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Client email reposts from 2/28 - 3/30

Client email reposts from 2/28 - 3/30

| April 25, 2020
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We thought it might be valuable to share several of our client emails.  These email were sent over the last several months keeping clients updated with their portfolios, working from home and the CARES Act.

Client email reprint from 2/28/30

In your investing lifetime, you may only see a situation like the recent novel coronavirus (COVID-19) a few times. This is a circumstance where complete candor is necessary. The truth is that we can’t yet gauge the full economic impact, and by the time we can, the volatility may have passed.

It’s important to remember that, in terms of market declines, the recent drop isn’t unprecedented. In fact, in the last six day-to-day declines of 3% or greater, the market rebounded higher a month later.  Nonetheless, past performance is no indication of future returns, and it’s uncertain whether history is a good teacher in this instance.1

Markets Have the Virus

Right now, markets are reacting to the news because the outcome is unknown. In a way, COVID-19 has “infected” markets all around the world. In times of market uncertainty, some traders believe the best approach is to sell. Fear is driving decisions. Nobody would blame you if this uncertainty gave you a bit of anxiety, as well.

You Don’t Buy Snow Tires in a Blizzard

Our desire is that—by working together to develop an investment strategy that fits your specific risk tolerance, time horizon, and goals—you should be prepared to weather turbulence.  Your specific circumstances should be reflected first and foremost in your asset allocation, which we consider the first line of defense.  Your asset allocation reflects, for example, how much exposure your portfolio has to stocks as opposed to bonds.  A good strategy gives you room for market changes that might last a few days – even a few years.  Staying the course in response to such changes is often the smartest move, partially because you aren’t reacting immediately to a dip, and you might benefit from a potential recovery.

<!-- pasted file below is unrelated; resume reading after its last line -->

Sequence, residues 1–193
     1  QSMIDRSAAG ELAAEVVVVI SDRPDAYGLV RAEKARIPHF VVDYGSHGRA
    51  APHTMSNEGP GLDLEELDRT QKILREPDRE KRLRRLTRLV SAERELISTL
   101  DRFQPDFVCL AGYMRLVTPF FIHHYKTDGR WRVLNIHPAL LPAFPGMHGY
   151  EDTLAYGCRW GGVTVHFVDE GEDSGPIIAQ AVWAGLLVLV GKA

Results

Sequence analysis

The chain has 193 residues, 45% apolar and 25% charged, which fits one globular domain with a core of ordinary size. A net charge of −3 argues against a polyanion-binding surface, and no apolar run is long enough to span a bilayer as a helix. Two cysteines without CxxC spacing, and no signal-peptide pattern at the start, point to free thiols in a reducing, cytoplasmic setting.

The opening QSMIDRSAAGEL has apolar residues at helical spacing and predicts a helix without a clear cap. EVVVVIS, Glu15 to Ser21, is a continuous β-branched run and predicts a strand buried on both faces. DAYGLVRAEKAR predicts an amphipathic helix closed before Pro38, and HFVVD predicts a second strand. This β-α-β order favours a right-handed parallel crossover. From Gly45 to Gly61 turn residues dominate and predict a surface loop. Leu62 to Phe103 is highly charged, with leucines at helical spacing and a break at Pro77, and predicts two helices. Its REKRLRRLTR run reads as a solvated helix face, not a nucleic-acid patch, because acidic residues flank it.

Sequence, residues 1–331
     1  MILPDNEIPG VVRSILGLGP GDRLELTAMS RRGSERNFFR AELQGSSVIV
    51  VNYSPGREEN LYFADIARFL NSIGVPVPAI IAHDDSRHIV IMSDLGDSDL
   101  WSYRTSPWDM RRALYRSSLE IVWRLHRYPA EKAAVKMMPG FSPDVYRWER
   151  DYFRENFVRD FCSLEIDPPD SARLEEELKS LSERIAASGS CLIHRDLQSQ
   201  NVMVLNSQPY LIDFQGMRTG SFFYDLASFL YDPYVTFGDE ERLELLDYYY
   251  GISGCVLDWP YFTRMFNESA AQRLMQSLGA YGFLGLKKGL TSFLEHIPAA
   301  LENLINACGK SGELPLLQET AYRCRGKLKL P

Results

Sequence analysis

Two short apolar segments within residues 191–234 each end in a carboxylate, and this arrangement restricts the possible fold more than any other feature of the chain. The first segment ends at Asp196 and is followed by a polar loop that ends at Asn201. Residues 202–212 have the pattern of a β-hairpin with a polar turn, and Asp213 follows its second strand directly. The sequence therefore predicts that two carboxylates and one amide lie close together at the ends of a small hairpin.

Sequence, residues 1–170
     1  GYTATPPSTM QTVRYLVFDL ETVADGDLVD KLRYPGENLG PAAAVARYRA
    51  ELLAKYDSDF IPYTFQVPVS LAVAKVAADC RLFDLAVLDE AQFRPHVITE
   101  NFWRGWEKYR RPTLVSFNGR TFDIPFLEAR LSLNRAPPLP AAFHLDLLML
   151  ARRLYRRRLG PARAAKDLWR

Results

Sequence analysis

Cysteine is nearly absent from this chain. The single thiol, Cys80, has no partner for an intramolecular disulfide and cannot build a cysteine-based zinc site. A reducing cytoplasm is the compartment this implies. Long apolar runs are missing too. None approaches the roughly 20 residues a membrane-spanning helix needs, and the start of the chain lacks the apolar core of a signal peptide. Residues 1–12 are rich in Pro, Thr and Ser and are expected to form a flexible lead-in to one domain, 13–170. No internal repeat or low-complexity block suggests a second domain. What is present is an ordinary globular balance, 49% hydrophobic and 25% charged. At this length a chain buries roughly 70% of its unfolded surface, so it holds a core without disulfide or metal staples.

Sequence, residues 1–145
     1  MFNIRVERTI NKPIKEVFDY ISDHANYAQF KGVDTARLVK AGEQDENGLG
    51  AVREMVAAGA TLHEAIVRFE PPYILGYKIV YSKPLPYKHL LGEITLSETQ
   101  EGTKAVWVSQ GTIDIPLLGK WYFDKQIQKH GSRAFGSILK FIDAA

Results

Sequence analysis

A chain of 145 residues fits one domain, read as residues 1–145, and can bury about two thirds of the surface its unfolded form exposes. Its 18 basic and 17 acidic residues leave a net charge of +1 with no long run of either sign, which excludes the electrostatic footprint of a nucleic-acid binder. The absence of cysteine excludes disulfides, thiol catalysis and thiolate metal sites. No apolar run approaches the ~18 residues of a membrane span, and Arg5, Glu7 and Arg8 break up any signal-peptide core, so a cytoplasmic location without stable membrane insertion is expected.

As many of you know, we also follow a risk management process as a second line of defense at the portfolio level for many of our clients (depending on account size, client preference, tax implications, etc.).  Based on this risk management process, on Friday (Feb 21st) and on Monday (Feb 24th) we tactically reduced the equity exposure of many clients by a few percentage points as a result of two different signals we received from proprietary strategies, including our Varitex volatility strategy, which is now in cash.

When a blizzard hits, the people who already own snow tires are usually happier than those venturing out into the cold, hoping they’re still in stock. In the same way, it’s generally best to have a long-term investment strategy and process in place before a storm hits. We’re in the middle of the storm right now.  Acting impulsively in the short-term could have significant consequences when it comes to trying to achieve your long-term financial goals.

Here to Support You

This may be the time you need us most, because in times like this it’s easy to question conventional wisdom. During most volatility, we advise you to stick to your long-term strategy, and that generally proves to be the best course of action.

Remember, we are here to help you and your family during this time. Feel free to reach out to us with any questions or concerns.

Client email reprint from 3/21/20

Dear client,

Your team at Stone Bridge wants to assure you that we continue to operate as usual and are available to you, our clients, during this highly uncertain time. 

When we set up our company over 8 years ago, we did so with the idea that all of our employees should be able to work remotely.  Although our desire was to enable us to do so under more pleasant circumstances, our focus on flexibility has enabled us to seamlessly transition to working from home today. 

As a result, we continue working for you, managing your accounts, and monitoring the situation as it changes, even as we practice “social distancing” and reduce face-to-face interaction.